>> MODERATOR: Sorry about that.

>> SIGRUN NEISEN: So we are having two objectives when this comes to film supporting.  And the one thing is to use film as a job creator.  We believe that film is a job creator.

Because local film production needs to involve a lot of local staff.  And a lot of jobs are being needed for a big production such as Sarika is going to tell about and this is what Deutsche Welle Akademie is mainly doing in film.  We are helping with capacity building of film makers and media professionals in all areas like in all jobs which are used for film.

Because and in that way we are having or we are supporting film in two aspects.  In one way believing that film should be supported in a way of high quality film.  So on international standards and helps the industry grow to learn to produce in international standards.  And to connect and -- connect the industry to a bigger picture.

Bigger -- saying that wrong, sorry.  Not the bigger picture -- to the international standards and to help people being ready for international companies coming in to maybe to produce and connect the international markets.  And the other thing that we are -- sorry this is again wrong.  What you should see there is strengthening freedom of -- strengthening the freedom of expression.  Which is the other big pillar of our work of DW Akademie.  For example, which is a good picture here, a nice many we are producing for example a, a documentary series.  And it is about the pan African migration and enables, aerospace of all, producers -- first of all, producers to raise their voice on their point of view of migration and different point of views and bringing people into dialogue about migration.  And not even -- and this is a very important project because what comes -- you know, what is always shown or seen on our media, not always, but a lot, is that the migration to Europe.  But this project shows the migration within Africa and Pan-African countries.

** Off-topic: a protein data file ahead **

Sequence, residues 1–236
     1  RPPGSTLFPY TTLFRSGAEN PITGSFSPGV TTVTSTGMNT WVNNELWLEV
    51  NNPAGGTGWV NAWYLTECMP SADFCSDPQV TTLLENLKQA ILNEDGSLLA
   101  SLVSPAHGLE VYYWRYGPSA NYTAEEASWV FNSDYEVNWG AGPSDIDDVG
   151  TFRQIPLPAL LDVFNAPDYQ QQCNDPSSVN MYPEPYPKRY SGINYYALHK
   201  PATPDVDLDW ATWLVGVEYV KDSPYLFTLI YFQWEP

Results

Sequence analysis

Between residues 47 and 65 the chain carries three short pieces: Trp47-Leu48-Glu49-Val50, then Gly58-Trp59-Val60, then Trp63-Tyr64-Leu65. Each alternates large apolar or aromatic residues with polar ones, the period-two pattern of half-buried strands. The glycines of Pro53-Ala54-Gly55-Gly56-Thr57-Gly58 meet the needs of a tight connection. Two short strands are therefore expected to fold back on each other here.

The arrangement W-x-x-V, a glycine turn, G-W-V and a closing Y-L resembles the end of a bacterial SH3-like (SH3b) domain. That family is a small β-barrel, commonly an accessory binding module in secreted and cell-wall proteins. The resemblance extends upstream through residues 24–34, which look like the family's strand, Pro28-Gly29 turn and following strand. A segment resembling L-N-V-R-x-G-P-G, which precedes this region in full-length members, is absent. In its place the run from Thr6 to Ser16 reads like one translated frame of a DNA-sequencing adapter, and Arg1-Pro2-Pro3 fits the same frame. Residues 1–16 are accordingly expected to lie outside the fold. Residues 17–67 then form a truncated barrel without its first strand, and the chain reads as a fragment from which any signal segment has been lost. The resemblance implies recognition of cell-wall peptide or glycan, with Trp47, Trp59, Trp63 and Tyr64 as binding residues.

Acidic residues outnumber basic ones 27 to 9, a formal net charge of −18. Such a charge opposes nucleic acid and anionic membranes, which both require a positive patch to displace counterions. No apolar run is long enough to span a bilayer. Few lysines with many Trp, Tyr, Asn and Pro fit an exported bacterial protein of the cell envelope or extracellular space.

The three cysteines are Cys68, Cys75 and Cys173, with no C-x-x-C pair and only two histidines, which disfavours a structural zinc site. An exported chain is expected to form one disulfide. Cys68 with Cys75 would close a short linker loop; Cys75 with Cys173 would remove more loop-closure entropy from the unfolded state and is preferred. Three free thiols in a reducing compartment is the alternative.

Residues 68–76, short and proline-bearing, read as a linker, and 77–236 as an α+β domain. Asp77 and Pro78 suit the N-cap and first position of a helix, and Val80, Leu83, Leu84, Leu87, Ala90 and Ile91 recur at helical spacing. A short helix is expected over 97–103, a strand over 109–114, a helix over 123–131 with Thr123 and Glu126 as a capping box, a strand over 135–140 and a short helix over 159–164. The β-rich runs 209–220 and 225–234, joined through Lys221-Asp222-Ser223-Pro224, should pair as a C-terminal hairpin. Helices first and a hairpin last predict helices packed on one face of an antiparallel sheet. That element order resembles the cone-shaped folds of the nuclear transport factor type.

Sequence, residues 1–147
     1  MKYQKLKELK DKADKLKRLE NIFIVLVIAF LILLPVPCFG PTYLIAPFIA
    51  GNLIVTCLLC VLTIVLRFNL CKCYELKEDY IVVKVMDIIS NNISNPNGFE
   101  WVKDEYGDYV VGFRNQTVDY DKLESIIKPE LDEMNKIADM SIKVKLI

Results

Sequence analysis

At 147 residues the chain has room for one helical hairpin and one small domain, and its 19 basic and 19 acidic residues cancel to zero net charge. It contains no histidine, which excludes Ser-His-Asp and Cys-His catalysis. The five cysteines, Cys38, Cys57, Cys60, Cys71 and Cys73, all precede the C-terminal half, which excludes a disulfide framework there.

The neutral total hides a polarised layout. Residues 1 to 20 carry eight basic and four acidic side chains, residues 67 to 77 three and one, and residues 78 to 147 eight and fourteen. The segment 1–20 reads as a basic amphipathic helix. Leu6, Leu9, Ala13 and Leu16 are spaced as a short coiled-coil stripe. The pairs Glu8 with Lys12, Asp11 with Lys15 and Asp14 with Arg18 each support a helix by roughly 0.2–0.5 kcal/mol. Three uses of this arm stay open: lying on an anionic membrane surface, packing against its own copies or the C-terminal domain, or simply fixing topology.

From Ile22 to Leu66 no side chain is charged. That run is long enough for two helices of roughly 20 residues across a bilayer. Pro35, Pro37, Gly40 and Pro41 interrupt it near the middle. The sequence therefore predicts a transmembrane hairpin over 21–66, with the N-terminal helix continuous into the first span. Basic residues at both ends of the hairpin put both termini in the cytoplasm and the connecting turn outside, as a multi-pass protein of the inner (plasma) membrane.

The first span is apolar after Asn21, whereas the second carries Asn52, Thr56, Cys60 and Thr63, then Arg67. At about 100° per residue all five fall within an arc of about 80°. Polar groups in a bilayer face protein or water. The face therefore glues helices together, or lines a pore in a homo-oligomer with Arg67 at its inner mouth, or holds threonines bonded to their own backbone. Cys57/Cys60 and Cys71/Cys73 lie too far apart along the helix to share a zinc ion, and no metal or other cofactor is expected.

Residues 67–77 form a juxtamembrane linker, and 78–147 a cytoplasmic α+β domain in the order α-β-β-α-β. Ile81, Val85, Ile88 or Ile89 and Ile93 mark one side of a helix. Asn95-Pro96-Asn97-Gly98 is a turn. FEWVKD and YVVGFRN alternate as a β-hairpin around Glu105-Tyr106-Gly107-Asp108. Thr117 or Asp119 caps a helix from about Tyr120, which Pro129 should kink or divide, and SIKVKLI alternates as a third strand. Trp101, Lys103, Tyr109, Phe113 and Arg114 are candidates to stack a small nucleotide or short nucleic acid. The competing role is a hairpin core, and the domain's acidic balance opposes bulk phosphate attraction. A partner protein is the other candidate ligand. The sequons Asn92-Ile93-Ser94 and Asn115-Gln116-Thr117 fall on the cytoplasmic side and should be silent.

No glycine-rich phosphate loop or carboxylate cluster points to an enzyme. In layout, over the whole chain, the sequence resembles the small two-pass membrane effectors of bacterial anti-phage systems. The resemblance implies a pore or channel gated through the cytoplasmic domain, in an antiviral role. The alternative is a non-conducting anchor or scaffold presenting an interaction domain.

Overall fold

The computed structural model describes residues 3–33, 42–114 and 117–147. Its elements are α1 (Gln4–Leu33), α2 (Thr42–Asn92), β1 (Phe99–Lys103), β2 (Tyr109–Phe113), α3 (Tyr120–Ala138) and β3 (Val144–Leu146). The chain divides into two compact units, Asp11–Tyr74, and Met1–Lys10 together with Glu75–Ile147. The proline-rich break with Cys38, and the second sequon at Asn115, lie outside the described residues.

Is also meant for people -- for bringing people into dialogue with each other and showing the different opinions or the different point of views.

>> MODERATOR: A little squished.

>> SIGRUN NEISEN: Sorry, something happened to the --

>> MODERATOR: Intriguing.

>> SIGRUN NEISEN: I don't know what happened there.  This slide meant to show you that we did during the last year is we already have already trained over 1,400 film makers during the last nine years.  And this is -- this was in over 20 different African countries, of course, in different projects and in over 30 production.

This was just on the numbers.  Maybe let's see what -- yeah, so let's see.  This one is quite okay.